Banking StandardsWritten evidence from the Financial Services Authority


This memorandum is prepared in response to the request directed to Martin Wheatley from the Parliamentary Commission on Banking Standards (“the Commission”) during the oral evidence taken on 27 February 2013 from Lord Turner and Martin Wheatley. This request was for a note outlining our initial thoughts on how the FCA will take forward its role relating to consumer access to financial products and services.

The Financial Service Act 2012 gives the FCA an objective to promote effective competition in the interests of consumers. As part of this objective, the FCA “may have regard” to a number of factors when considering the effectiveness of competition, including “the ease with which consumers who may wish to use those services, including consumers in areas affected by social or economic deprivation, can access them”. This “consumer access consideration” is not an objective or a duty on its own, but something that we may have regard to as we take forward our competition objective. Our approach to consumer access issues will be shaped by this underlying legal framework—the focus of our role will be on how we can enhance ease of access through measures to promote effective competition.

It is the FCA’s view that substantial policy interventions that have a sole focus on enhancing access, and which require significant economic and social policy trade-offs to be made, remain the role of the Government rather than the FCA. This includes actions that would require firms to offer products or services where it would not be their commercial choice to do so. We consider that Parliament reflected this intention in the debate on the consumer access consideration1 and by not making enhancing access a specific FCA objective of its own, but a consideration of our competition objective. The focus of our actions will be on making markets work efficiently, but not directing firms to participate in the market.

“Financial exclusion” (not being able to access financial products and services) can create real disadvantages for those consumers affected. Not being able to access contents insurance, for example, could mean that consumers face total losses if they are burgled. Not having access to a bank account can mean missing out on discounts for making payments by direct debits. Not having access to lending reduces consumers’ ability to smooth expenditure over time. Depending on the precise circumstances, this can also prevent individuals from accessing funding for business opportunities. There are multiple aspects to the financial exclusion problem, such as a lack of products in the market that consumers can afford or are eligible for, a lack of products that are suitable, or where products are too complex or not explained in a way that the average consumer can comprehend.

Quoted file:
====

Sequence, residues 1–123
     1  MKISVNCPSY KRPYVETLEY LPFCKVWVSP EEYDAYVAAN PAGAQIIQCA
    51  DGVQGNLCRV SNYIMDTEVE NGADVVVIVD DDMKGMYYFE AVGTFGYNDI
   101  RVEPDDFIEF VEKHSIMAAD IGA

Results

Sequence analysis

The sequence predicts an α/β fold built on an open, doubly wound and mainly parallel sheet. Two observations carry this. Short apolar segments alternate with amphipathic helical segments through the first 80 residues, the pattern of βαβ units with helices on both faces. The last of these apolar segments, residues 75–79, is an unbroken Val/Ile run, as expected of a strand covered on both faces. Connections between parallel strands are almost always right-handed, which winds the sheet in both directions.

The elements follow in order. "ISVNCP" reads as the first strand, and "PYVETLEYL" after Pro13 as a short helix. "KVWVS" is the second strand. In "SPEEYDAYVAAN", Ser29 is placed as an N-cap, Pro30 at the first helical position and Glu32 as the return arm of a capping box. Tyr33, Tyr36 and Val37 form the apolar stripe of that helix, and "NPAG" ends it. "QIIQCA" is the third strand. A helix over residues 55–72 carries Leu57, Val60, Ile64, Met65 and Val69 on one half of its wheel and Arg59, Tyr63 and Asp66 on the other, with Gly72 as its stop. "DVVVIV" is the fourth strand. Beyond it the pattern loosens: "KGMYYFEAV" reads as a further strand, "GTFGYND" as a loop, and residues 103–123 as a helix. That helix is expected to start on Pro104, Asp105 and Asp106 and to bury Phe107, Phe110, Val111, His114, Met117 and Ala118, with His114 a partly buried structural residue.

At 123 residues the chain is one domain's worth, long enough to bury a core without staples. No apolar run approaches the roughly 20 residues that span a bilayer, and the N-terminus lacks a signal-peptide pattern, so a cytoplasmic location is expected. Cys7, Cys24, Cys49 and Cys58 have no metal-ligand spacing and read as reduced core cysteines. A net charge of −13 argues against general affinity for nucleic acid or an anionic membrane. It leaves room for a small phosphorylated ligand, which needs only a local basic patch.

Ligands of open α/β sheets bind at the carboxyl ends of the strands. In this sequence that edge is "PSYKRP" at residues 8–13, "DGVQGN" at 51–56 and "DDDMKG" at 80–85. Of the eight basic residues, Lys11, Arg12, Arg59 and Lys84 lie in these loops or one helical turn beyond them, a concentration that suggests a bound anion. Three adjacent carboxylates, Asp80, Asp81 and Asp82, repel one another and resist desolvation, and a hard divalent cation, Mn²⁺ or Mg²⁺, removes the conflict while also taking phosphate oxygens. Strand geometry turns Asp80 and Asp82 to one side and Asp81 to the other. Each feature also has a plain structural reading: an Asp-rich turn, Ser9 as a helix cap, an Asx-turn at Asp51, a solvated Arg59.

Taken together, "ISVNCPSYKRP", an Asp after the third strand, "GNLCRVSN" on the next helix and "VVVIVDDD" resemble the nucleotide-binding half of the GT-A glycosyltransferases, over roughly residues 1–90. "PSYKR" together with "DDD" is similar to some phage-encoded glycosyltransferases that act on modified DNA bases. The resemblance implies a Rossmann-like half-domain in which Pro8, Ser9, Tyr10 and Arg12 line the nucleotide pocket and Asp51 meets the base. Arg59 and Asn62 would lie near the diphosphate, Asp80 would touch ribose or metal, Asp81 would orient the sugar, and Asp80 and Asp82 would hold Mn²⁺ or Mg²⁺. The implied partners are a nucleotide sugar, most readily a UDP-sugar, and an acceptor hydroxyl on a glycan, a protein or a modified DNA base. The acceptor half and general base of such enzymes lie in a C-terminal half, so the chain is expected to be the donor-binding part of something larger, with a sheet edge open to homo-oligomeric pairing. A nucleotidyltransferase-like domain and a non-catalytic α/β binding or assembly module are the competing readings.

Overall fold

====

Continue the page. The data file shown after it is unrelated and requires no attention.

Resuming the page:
Actions that the FCA will take to promote competition have the potential to increase consumers’ access to products and services. For example, where we are able to reduce regulatory barriers for firms entering a market, this may facilitate the emergence of firms who are willing to provide services to particular consumer groups. Where competition is increased between firms in a market, there may be greater incentives for firms to design innovative products that are tailored to the needs of specific consumers. Prices might also be driven down by competition, which would also increase the affordability of products for consumers.

The FCA will also continue to consider the impact that our interventions might have on the ability of consumers to access services. Our duty to act in a way which promotes competition strengthens the requirements upon us to do this. Where possible interventions might unnecessarily restrict access, we will weigh up the pros and cons and also consider alternative approaches. In doing this, the quality of the products that consumers might access will be important to us though—in some cases the risks to consumers from accessing “toxic” products will far outweigh any benefits and we will intervene to prevent consumers suffering detriment.

We look forward to working with Government, and other agencies with an interest in reducing financial exclusion, as we take forward the consumer access consideration. In order to give full effect to our enhanced role, we will be seeking to increase our capability and knowledge base in respect of consumer access issues. This includes engagement with consumer organisations and other experts on financial exclusion and increased use of data relating to access. We are still at an early stage in deciding how we will take forward the consumer access consideration and are actively engaging with relevant stakeholders to understand the key issues in this area. Following this engagement, we would expect to publish a wider statement on our policy on access later this year.

We hope that this paper provides the information sought by the Commission, with the appropriate level of detail. Do let us know if the Commission has any further questions or requires any further information.

14 March 2013

1 House of Lords debate on Financial Services Bill, 12 November 2012, Hansard Columns 1320-1324.

Prepared 19th June 2013